David Bowie's mugshot, dated March 25, 1976 (Rochester Police Department)

The story behind David Bowie’s 1976 weed arrest — and legendary mugshot

After quietly battling Cancer for 18 months, rock and style icon David Bowie died Sunday. He was 69 years old.

The artist’s death has fans and friends reeling the globe over, recounting their favorite Bowie stories — his uncanny way of putting things into perspective and his undeniable, unflinching commitment to his own spectacularly unique singularity. (Reverb just posted my final interview with Bowie, dating back to my music critic years.)

David Bowie's mugshot, dated March 25, 1976 (Rochester Police Department)
David Bowie’s mugshot, dated March 25, 1976 (Rochester Police Department)

One example (of thousands) involves Bowie’s stylish and even classy Class C felony arrest for marijuana possession in 1976 — a night in jail that resulted in the single-coolest mugshot ever. And here is that story.

On March 21, 1976, Bowie played a Saturday-night show at the Community War Memorial Arena in Rochester, N.Y. Later that night, or early the next morning, Bowie and a few friends — including (and this is important) James Osterberg, Jr., 28, of Ypsilanti, Mich. — were arrested at the Americana Rochester Hotel on marijuana charges.

Police at the time said they confiscated “about half a pound of marijuana” from the group. The arrests of Bowie, Osterberg and two others took place at 2:25 a.m. in Bowie’s three-room suite; Four vice squad detectives and a State Police investigator carried out the arrest, police said at the time.

Bowie, then 28, paid all four bonds and then hit the road before his arraignment — for gigs in Springfield, Mass., and New Haven, Conn. — returning a few days later to plead innocent in Rochester City Court. “A crowd of about 200 police, fans and reporters looked on” as Bowie and his entourage were guided into the Public Safety Building, according to original reports in the Rochester Democrat and Chronicle.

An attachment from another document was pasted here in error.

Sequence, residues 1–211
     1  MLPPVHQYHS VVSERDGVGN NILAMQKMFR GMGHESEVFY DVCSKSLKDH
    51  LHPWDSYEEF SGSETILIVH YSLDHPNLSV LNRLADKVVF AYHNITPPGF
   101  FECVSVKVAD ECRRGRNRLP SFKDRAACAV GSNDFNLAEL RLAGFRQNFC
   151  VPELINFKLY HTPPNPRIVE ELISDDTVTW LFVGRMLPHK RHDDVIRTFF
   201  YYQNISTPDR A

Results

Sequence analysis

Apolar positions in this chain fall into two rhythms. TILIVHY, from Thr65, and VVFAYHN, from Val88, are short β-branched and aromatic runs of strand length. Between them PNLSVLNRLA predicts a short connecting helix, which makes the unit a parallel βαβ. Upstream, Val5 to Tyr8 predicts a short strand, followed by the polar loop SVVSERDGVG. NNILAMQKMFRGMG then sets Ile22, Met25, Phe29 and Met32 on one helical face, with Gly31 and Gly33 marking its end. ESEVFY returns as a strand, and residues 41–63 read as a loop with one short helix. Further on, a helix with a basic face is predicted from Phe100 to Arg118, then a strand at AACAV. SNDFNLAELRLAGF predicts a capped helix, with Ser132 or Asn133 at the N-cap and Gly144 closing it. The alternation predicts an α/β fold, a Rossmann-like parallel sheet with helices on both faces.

Bowie ignored most of the reporters and fans — “except for one teenager who got his autograph as he stepped off the escalator,” the Democrat and Chronicle wrote, adding that Bowie’s “biggest greeting was the screams of about a half-dozen suspected prostitutes awaiting arraignment in the rear of the corridor outside the courtroom.”

And guess what date City Court Judge Alphonse Cassetti set for the preliminary hearing for Bowie and the three others facing cannabis charges? April 20, a.k.a. weed holiday 4/20.

In a short interview in his lawyer’s office, Bowie complimented the city’s law enforcement: “They (city police) were very courteous and very gentle,” Bowie said. “They’ve been just super.”

As the Democrat and Chronicle later wrote, “Bowie faces a minimum of 15 years’ imprisonment on the drug charge but could get as little as five years’ probation if convicted.” But in May 1976, as the paper wrote, “the charges were effectively dismissed after a grand jury declined to indict the legendary artist. Bowie never performed in Rochester again.”

And remember that James Osterberg, Jr. guy, the one who was with Bowie that Rochester night and was also arrested? He’s better known as Stooges frontman Iggy Pop.

The Democrat and Chronicle this morning posted both of its original stories on Bowie’s arrest and court proceedings, and they’re very much worth a read.